Journalist, physician, humanitarian, philanthropist, and multi-sport athlete
To delve further on the topic of longevity, stamina, and true endurance, this interview shines the spotlight on Dr. Bob Arnot. It was an honor to speak with such an accomplished person; award winning journalist, physician, humanitarian, philanthropist, and multi-sport athlete. Dr. Arnot made time for me in between training sessions, preparing for his sixth Molokai to Oahu (M2O) channel crossing. As an accomplished rough water paddler, Dr. Arnot regularly races the Graveyard Challenge and the Carolina Cup where it is messy and choppy. He competed in the Maui SUP Cup in July with 17 foot swells. However, M2O is a different ball game.
Although it will be his sixth time competing, the M2O race is still the only thing that scares him. “You can die. It’s windy and unpredictable. The mixed swell tosses you like a washing machine. The ocean is ominous, deep and dark with waves taller than you. It is the ultimate waterman challenge,” he said. Dr. Arnot has had teeth knocked out, dislocated his shoulder, AND there are sharks. It is a constant learning process and experience where tenacity of spirit, grit, determination, and really listening to and taking care of your body all come into play.
Changes in training
“The most impactful change with age is the loss of stimulus. Do not slow down,” he explained. Dr. Arnot started working with Larry Cain, five years ago. Since then, each year he has improved. He is 70 years old and has never felt better. Dr. Arnot trains like a professional athlete, really challenging his body. He paddles 60-70 miles each week which includes 8 x 5 minute sprints for anaerobic threshold training, races on Saturdays, short intervals of 15 x 30 seconds and one minute rest, and long slow distance paddles. Every other day is recovery.
Dr. Arnot recommends topical pain relievers for athletes as ibuprofen increases risk of gastritis. As a physician he recommends Salonpas pain relief patches with lidocaine. He stated that 45% of people on opiods for pain management can get off with the right topical therapy. He uses the Lidocaine Plus pain patch for competition, placing one on his lower back and one on his right elbow. “The lidocaine patch was amazing. Never had a tinge of back or elbow pain for the whole 32 miles of the World Championships,” he exclaimed.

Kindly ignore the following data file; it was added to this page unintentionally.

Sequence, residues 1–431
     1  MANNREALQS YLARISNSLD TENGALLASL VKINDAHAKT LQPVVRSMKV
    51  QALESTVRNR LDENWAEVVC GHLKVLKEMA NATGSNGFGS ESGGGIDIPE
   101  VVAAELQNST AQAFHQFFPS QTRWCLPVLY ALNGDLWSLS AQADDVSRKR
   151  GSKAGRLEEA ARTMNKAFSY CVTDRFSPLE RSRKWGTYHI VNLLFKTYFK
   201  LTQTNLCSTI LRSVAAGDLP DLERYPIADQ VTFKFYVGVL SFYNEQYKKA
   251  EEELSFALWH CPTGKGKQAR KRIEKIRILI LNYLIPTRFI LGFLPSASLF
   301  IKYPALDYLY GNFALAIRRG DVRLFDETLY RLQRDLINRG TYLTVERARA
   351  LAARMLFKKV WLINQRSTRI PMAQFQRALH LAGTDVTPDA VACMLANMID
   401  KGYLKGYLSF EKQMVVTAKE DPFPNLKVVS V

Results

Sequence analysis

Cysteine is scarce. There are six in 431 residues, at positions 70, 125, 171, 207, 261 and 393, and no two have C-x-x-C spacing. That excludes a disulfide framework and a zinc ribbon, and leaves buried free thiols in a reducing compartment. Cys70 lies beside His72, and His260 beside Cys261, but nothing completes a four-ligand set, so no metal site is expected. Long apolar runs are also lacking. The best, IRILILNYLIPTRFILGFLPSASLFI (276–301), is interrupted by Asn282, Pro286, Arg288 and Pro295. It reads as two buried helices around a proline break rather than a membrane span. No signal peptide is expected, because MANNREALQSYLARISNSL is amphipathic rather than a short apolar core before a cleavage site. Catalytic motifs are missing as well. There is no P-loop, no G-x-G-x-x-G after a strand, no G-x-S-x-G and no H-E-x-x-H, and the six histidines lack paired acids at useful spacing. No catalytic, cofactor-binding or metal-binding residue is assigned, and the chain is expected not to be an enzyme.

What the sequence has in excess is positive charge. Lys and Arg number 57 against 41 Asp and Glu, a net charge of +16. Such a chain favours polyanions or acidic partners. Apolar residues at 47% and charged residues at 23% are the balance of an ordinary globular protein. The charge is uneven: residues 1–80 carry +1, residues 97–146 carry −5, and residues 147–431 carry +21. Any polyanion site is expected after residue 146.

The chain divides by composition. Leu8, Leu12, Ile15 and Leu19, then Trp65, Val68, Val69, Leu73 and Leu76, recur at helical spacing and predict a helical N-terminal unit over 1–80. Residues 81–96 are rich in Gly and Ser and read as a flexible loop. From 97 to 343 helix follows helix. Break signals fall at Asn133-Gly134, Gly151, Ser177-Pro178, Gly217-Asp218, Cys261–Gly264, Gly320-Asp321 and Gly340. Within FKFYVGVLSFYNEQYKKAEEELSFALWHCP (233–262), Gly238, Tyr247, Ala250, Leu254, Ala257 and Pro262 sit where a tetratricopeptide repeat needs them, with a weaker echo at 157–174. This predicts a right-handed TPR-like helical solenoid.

When training for best performance, athletes are always on the threshold. You have to train smart. Dr. Arnot is very conscious of his nutrition and consumes a high polyphenol diet with green tea and high polyphenol fruits and vegetables. His books the Aztec Diet and the Coffee Lover’s Bible explains more (look for this book review in our column soon).
Paddling as a metaphor for life
When you start paddling you have terrible technique, you fall off the board, make mistakes with nutrition, but you keep learning, improve, and eventually you become a pro.The paddling community is amazing. You are not judged, instead you are welcomed. Everyone helps each other out. This is the way life should be.
To be your best, learn from the best. Dr. Arnot has taken clinics with Tommy Buday, Dave Kalama, Conner Baxter, Jeremy Riggs, Jaecee Suda, Mike Eisert, Jeff Change, Travis Grant, Larry Cain, and April Zilg. He absolutely loves the paddling community. For example at the Maui SUP Cup, Conner Baxter and Kai Lenny stopped by to talk and took pictures together. World champion Sonni Hoenscheid also took time to speak with him. They all love the sport. “There are daunting challenges in M2O. The storms and waves prepare you for life’s challenges with family and career. You learn to never give up and never surrender,” said Dr. Arnot.
On finding balance
“You can do it all. You just can’t do it all at the same time,” is Dr. Arnot’s slogan. He was in Maui training and racing for a week while his wonderful fiance was home holding down the fort. They have a five year old child together, each work, take their child to daycare, and each day they both get in their own training. Dr. Arnot gets up on East Coast time even when traveling. He works eight to fourteen hours and trains. He supports his fiance for her races and training. You can do it all because you work steadily, make time for work, training, and family. He calls it “Burst Theory” where you work hard and steadily and then all of a sudden it bursts.
The greatest gift Dr. Arnot has is time to think and create. Paddling is part of his career portfolio and keeps him engaged. One hundred percent of his workday is effective and he loves what he does. Each day he asks himself what he can do to make people’s lives better. He loves helping people. “To whom much is given, much is expected,” is an inspirational quote for Dr. Arnot. He is inspired to get up and give back by his family, God, and religion. He is grateful because he has been given amazing gifts in life. Being grateful and having a great attitude will make you a winner not only with paddling, but also with life.